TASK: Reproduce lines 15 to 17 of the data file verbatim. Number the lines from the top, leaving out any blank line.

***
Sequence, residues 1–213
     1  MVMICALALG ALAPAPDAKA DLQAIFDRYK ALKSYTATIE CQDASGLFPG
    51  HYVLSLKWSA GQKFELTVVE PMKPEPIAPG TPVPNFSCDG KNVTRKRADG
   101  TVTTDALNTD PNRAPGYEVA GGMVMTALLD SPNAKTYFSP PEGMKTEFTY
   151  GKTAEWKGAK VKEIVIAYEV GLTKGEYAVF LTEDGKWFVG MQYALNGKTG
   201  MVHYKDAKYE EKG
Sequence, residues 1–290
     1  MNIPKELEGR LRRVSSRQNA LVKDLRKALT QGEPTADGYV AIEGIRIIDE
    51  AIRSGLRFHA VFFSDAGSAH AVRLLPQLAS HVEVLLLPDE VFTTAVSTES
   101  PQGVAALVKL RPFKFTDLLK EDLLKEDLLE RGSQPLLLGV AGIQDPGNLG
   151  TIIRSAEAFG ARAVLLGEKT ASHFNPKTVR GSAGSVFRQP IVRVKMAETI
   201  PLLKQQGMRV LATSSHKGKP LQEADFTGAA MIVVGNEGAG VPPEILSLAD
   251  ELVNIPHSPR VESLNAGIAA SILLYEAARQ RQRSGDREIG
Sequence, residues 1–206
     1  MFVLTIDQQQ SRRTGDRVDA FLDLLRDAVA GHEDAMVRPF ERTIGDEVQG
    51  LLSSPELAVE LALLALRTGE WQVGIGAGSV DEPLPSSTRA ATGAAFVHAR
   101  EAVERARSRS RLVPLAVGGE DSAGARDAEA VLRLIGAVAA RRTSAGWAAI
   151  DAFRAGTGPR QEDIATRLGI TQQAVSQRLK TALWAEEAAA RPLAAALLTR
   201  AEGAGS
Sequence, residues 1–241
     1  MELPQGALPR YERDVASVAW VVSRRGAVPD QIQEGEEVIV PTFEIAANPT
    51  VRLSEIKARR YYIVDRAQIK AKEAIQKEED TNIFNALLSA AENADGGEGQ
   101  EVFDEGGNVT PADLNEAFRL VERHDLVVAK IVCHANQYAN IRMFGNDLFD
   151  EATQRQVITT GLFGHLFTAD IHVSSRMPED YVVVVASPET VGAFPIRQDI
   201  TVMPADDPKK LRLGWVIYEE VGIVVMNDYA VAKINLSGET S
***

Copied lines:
     1  MFVLTIDQQQ SRRTGDRVDA FLDLLRDAVA GHEDAMVRPF ERTIGDEVQG
    51  LLSSPELAVE LALLALRTGE WQVGIGAGSV DEPLPSSTRA ATGAAFVHAR
   101  EAVERARSRS RLVPLAVGGE DSAGARDAEA VLRLIGAVAA RRTSAGWAAI